Of course, the basics aren’t enough to keep you going through any major activities. Next, calculate how much your level of physical activity affects how much energy you need. Use the following chart to find your multiplier:
Now, take this multiplier and apply it to your BMR. This result tells you how many calories your body needs to sustain your daily lifestyle, or your maintenance calories.
It’s important to keep in mind that very few people’s maintenance calories are set in stone, so you should take the time to recalculate them periodically. If you’re working toward losing weight or you’re trying to bulk up, your maintenance calories could change on a weekly basis.
With so many numbers to juggle, it’s easy to feel overwhelmed, no matter where you are on your weight loss journey. Rather than trying to track every detail of your physical activity or your caloric intake on paper or in a makeshift spreadsheet, use an app instead. A calorie tracking app can streamline your daily food journal, and it can also help you stay healthy and meet your goals. After all, an app designed to track calories can ensure that you keep your caloric intake balanced throughout the day and consistent throughout the week.
To get started with a calorie tracking app, enter your maintenance calorie calculation. This will be your target calorie count for the day. Once you’ve logged your daily food consumption, you’ll be able to assess how far you are from hitting your daily goal with just a quick glance. If you’ve set goals related to proteins, fats, or carbohydrates, you can also assess your daily progress in that department.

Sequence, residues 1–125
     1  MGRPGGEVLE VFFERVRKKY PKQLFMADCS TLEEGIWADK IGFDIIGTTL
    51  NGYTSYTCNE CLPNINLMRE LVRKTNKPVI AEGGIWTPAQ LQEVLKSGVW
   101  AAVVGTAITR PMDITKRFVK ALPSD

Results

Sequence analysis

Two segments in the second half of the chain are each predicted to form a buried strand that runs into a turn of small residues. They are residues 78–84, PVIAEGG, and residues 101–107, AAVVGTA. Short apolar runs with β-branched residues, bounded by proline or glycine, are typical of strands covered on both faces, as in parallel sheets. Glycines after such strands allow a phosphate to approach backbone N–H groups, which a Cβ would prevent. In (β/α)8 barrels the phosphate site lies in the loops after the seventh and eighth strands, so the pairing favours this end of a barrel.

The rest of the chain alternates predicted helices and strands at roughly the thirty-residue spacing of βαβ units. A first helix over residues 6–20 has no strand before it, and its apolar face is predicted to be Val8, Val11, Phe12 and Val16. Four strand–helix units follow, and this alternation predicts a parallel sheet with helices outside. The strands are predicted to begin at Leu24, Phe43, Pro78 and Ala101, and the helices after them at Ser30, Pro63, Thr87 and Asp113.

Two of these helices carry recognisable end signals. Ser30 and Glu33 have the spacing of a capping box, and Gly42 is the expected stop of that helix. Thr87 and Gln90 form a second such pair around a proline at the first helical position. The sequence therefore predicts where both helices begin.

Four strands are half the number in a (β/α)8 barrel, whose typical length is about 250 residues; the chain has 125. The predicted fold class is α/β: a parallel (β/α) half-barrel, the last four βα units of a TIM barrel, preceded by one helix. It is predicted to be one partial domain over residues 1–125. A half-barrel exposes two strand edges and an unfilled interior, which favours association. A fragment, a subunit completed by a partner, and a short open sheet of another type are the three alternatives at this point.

Next, you’ll want to record what you eat for every meal of the day. The best apps include food libraries that list just about every food and dish you’ve ever heard of, so logging your daily food diary just requires a few swipes and clicks. If you tend to eat the same thing for breakfast or lunch every day, you can even save them as favorites so you can log them quickly. Don’t forget to track snacks or drinks, either. You’ll want to keep track of everything for accuracy.
Whether you want to maintain your current weight or you have a weight loss goal in mind, you need to know how you’re doing over time. The best calorie tracking apps even monitor your habits, helping you stay consistent and identifying key habits. After all, it’s about long-term goals and developing healthy habits that stick.
Understanding and tracking your maintenance calories requires a calculation here and there, but once you’ve got the math out of the way, you can focus on what your body needs to meet your weight loss goals. With the right calorie maintenance goal and effective tracking, you can achieve your ideal energy balance.
All of the content and media on Lifesum is created and published for information purposes only. It is not intended to be used as a substitute for medical advice or treatment. Users should always consult with a doctor or other health care professional for medical advice. If you have or think you are at risk of developing an eating disorder, do not use the Lifesum app and seek immediate medical help.